Saturday, June 14, 2008

Golden Week in Kyushu - Part 2:

As I was saying, this theme park "Huis Ten Bosch" seems to be having a bit of an identity crisis. It started as a recreation of a Dutch village -- which seems odd enough unless you know that the Dutch were at one point in time the only foreigners allowed in Japan, and had small port communities set up for trading; however they didn't hold equal status with (the xenophobic)Japanese people, and were isolated to their small port communities -- featuring traditional crafts and architecture, but after going bankrupt seems to have tried to modernize with an array of museums, mirror mazes, and 3D movies with vague connections to MC Escher. Above, Tara and I pose with Tuli-chan, the tulipish mascott of the park.

Tired of all those flashy, high-class frozen foods? Sick of putting on a black tie and jacket every time you open your freezer??? Don't worry folks, I have just the thing for you! Try our new CASUAL FROZEN FOODS, available 24 hours a day from this vending machine outisde the train station. Yes you can now enjoy all the glam of frozen foods, without the usually associated expectations and social pressures. Fast, easy, non-commital frozen foods at the touch of a button, try them today!

A memorial for war victims decorated with thousands upon thousands of paper cranes. Each colourful paper streamer is composed of tiny folded paper cranes.
Nagasaki has emerged from a checkered past with inspiringly bright hopes for the future. Throughout the city, and particularly in the Peace Park, are various memorials to victims of war, apologies for atrocities of war, and sculptures from countries around the world dedicated to a peaceful future.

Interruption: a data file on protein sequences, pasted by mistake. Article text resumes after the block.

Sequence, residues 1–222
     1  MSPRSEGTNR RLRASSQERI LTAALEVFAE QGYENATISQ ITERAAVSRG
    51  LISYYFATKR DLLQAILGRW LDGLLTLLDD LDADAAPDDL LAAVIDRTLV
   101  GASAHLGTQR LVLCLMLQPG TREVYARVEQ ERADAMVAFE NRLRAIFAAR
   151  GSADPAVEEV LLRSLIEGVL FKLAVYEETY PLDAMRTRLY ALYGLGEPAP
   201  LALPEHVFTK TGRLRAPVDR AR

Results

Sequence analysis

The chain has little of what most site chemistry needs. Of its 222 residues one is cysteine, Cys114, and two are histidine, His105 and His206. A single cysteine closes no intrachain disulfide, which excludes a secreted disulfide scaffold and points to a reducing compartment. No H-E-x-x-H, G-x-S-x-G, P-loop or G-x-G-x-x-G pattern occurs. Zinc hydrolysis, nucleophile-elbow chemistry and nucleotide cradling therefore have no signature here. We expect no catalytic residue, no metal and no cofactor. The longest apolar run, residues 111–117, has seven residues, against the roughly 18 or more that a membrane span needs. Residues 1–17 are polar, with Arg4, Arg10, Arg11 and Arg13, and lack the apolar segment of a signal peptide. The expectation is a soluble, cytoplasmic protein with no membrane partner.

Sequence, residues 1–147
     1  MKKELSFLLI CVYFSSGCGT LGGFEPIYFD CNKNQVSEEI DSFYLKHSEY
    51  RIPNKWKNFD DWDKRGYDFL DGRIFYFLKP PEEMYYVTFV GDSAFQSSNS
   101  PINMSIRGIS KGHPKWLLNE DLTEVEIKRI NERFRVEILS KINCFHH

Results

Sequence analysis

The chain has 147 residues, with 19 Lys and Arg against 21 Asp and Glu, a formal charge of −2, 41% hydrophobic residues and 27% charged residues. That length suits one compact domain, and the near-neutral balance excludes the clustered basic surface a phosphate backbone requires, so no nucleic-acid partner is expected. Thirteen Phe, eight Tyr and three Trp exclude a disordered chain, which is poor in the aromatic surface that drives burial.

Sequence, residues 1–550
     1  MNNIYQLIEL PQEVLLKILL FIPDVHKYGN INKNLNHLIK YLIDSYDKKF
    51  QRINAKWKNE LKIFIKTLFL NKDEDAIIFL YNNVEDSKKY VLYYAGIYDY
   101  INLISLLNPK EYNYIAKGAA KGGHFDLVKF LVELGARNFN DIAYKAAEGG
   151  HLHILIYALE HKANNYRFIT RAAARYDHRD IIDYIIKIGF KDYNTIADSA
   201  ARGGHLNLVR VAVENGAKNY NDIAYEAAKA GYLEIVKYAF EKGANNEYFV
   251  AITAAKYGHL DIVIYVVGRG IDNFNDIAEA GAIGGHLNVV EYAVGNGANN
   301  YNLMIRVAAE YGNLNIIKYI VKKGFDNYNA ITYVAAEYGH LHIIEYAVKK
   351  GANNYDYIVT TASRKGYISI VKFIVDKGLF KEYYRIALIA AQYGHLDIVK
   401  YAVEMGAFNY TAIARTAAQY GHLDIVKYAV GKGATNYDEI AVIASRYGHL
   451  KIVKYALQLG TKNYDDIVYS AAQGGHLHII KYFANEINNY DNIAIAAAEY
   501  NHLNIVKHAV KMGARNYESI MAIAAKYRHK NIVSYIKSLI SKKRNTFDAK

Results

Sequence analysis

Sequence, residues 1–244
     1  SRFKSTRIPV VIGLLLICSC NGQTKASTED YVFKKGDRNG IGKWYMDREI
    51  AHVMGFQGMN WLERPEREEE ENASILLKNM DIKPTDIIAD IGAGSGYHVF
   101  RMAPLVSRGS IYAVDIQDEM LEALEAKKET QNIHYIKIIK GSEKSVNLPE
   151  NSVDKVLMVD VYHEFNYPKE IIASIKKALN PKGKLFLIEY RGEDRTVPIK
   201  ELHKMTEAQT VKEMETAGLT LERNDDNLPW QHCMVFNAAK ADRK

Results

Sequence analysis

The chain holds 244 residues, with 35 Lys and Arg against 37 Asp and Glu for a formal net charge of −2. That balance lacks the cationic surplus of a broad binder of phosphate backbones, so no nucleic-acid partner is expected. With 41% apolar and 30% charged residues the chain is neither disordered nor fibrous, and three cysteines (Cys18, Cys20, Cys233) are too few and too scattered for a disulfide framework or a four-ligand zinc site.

Fat Man's ground zero from August 9th, 1945. The atomic bomb exploded approximately 550m above the point of this pilar.

Japanese business hotels. Not great only for their low room rates which often includes your choice of Western or Japanese style breakfast, but also because they always give you a nice little house coat which you are free to use to found a small cult.

However the best place we stayed was a traditional Japanese inn in a small village embedded in the mountains. Up in the volcanic hillside we were able to enjoy private natural hot spring baths for as long as we pleased. The private baths were set by peaceful Japanese gardens, and were open from early morning to around 1am. I recommend midnight hot spring bathing by moonlight to everyone.
As if this wasn't enough to satisfy, the inn was stocked with virtually anything else you might need to relax or enjoy your vacation: pool tables, karaoke rooms, a small private movie theatre (with a selection of recent films), a bar, massage chairs, and best of all events where we won multiple prizes (BINGO and rock-scissors-paper contests). A highlight for me: coming in second place in the karaoke contest!

Hiking in the mountain the following days Tara and I demonstrate our complete lack of competence with posing for pictures.

Frustrated with the weak telephone connections I've been getting over here. Hope everyone is doing well.
- Ian


Anonymous said...

Excuse me but wasn't that a NIGHT COAT you were wearing?!?!?!?!?

your friends in Japan said...

Hahaha thats true!!
What the heck Ian...get it right next time.
Go nightcoats!!!!

Alex said...

Hehe nice pics. Sorry I haven't been here in awhile o.o I'll have to remember to check in more often!

Love you LOTS and miss you TONS,
Alexandra xoxo

Derrick M said...

I love the Casual Frozen Foods spiel. I know I hate having to put on a tie whenever I want some pizza-pockets :P

Anonymous said...

Ahh, yes...the infamous night coat, who can forget! Lots of love

Anonymous said...

That house coat is almost too formal for eating one of those casual dinners, but watch out for the sneeky tulip person, they might sit at the table and really make it too clasy for dinner